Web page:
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fetal growth and physical work while pregnant

This analysis accompanied a roundup which can be viewed here.


Title, Date of Publication & Journal

Physically demanding work, fetal growth and the risk of adverse birth outcomes. The Generation R Study, 27 June 2012, Occup Environ Med

Claim supported by evidence?

The paper should not be used to conclude that standing for long periods during pregnancy may curb fetal growth.


  • Previous studies suggest certain work-related risk factors adversely influence pregnancy outcomes and this study aimed to gain insight into how physically demanding work influences birth outcomes by looking at fetal growth characteristics during pregnancy. 
  • Large prospective cohort study examining the associations between physically demanding work with fetal growth and the risks of adverse outcomes
  • Results do not fully support claim that physically demanding work during pregnancy was associated with lower fetal growth rates
  • Results are ambiguous and no more than hypothesis-generating
  • The study findings were not associated with adverse birth outcomes

Study Conclusions

The paper concludes that “physically demanding work during pregnancy was associated with lower fetal growth rates”. The study also found that “these finding were not reflected in adverse birth outcomes”.

Head circumference: Working between 25 and 39 hours did show statistically significant difference in growth rates of head circumference, but working greater than 40 hours was not significantly different from working 1-24 hours. Long periods of standing occasionally and often showed statistically different growth rates in head circumference compared to no long periods of standing; however, there appeared to be no difference between long periods of standing occasionally and standing often. This is contrary to what we might reasonably expect if there were a causal link.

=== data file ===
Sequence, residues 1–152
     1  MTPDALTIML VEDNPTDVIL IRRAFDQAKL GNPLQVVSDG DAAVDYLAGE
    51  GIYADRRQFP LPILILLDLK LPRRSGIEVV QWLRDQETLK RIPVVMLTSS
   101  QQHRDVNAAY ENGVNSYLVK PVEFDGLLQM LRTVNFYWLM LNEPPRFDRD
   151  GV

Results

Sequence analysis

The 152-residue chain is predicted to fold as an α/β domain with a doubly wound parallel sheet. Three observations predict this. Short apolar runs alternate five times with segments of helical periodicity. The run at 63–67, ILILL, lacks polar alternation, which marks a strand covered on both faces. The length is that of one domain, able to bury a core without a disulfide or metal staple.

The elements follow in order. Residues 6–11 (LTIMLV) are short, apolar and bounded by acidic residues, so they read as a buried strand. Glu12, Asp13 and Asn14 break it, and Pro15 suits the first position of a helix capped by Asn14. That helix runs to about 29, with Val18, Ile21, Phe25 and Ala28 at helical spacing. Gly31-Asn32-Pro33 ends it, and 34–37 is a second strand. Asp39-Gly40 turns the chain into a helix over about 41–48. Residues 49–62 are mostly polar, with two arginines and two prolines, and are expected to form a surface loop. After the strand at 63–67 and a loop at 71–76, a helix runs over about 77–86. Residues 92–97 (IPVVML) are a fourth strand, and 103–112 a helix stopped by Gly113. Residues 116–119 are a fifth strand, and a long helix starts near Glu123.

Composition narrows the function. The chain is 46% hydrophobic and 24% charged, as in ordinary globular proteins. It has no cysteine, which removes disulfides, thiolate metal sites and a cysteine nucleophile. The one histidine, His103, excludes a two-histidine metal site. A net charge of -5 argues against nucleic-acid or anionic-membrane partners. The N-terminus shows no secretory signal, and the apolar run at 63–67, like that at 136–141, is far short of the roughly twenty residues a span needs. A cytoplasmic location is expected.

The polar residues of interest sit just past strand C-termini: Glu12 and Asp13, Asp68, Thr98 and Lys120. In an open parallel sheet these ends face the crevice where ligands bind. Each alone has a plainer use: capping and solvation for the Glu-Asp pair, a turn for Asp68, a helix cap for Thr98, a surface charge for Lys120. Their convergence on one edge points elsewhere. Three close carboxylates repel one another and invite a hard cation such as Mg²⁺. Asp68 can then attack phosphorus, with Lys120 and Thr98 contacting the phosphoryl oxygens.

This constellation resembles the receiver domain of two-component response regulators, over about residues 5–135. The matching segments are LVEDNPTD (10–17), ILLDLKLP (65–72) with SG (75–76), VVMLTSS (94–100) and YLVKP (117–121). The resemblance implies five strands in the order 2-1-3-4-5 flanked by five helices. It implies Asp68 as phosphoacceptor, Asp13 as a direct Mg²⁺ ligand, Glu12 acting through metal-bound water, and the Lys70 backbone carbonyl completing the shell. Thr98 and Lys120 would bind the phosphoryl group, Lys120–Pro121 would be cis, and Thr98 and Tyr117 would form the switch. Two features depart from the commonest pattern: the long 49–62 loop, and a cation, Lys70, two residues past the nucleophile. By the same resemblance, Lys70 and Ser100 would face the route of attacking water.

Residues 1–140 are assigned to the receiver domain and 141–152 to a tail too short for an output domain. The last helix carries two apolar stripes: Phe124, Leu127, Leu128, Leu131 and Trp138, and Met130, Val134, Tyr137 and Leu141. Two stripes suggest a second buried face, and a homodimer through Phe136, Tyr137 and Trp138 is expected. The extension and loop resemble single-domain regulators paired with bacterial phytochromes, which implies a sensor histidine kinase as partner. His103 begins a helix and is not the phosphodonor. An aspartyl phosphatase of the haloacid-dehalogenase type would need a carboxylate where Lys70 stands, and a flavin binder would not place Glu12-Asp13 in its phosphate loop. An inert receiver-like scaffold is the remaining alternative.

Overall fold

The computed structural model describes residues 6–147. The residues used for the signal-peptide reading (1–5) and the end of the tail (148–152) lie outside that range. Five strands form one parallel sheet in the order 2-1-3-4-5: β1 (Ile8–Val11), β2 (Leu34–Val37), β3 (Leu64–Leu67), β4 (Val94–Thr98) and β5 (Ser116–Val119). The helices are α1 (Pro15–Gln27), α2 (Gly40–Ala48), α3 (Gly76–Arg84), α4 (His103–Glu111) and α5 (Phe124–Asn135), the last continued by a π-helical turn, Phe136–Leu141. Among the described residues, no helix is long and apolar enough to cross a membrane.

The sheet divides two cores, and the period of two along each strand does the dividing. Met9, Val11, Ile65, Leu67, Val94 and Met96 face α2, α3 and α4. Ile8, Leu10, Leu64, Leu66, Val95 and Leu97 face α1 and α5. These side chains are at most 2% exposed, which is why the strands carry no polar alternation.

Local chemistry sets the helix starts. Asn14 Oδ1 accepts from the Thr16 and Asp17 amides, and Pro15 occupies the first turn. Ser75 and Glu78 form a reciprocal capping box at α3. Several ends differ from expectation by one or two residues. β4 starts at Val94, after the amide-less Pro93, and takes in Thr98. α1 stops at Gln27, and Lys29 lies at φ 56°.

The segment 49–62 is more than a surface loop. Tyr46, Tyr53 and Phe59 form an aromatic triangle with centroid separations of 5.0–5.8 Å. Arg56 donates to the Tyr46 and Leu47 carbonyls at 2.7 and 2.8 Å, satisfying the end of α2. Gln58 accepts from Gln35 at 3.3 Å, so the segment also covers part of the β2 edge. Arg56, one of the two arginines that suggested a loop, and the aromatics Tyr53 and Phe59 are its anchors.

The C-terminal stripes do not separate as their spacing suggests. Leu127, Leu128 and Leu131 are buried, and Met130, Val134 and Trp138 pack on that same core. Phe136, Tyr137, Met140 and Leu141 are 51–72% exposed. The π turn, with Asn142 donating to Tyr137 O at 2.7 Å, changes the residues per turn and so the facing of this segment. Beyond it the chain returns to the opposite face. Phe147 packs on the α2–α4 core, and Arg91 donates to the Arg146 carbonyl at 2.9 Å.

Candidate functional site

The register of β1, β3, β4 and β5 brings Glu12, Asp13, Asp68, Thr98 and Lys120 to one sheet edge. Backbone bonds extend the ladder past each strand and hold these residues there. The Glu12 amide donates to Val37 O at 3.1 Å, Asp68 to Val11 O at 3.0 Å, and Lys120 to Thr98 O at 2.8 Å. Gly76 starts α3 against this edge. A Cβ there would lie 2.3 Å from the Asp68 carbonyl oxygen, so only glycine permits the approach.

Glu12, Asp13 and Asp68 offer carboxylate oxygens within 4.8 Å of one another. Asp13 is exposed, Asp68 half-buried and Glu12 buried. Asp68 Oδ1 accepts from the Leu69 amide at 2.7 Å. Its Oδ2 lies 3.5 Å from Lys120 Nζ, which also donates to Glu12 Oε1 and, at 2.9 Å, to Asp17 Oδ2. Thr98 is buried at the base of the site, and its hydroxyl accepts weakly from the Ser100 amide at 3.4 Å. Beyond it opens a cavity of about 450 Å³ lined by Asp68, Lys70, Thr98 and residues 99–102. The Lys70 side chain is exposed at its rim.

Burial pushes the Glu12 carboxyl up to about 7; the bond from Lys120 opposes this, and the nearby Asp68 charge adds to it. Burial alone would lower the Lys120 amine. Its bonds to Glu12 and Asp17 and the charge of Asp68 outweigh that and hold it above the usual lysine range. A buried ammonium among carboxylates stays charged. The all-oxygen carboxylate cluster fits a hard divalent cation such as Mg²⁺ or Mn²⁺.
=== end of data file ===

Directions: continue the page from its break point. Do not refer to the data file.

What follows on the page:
Fetal weight: Working 25-39h and >40h per week showed statistically different growth rates in fetal weight. The clinical relevance of the difference is unclear. Long periods of standing did not show statistically significant differences in fetal weight.

Abdominal circumference: No associations between long periods of standing and working hours were observed for abdominal circumference.

Authors also looked at physical workload as measured by heavy lifting and no associations were found for fetal weight, head circumference or abdominal circumference.
Overall, authors do not state what the significance of lower fetal growth rates during pregnancy are, given that they were not associated with adverse birth outcomes.


Large prospective study, suitably designed

Most potential confounders (e.g. gestational age, maternal age, mother’s height/weight, educational level, ethnicity, smoking/alcohol etc) were accounted for. Study did acknowledge some that were not considered because they were not available (stress, fatigue, physical activity outside employment).

Conducting many statistical tests (72 in Table 3 alone) will always produce some false positive results in a study like this. It is always dangerous to produce a high number of data points and then focus on the ones that appear to show a correlation.

No consistent pattern can be seen across the data points, and this further weakens the hypothesis of an overall link.



Any specific expertise relevant to studied paper (beyond statistical)?


‘Before the headlines’ is a service provided to the SMC by volunteer statisticians: members of the Royal Statistical Society (RSS), Statisticians in the Pharmaceutical Industry (PSI) and experienced statisticians in academia and research.  A list of contributors, including affiliations, is available here.

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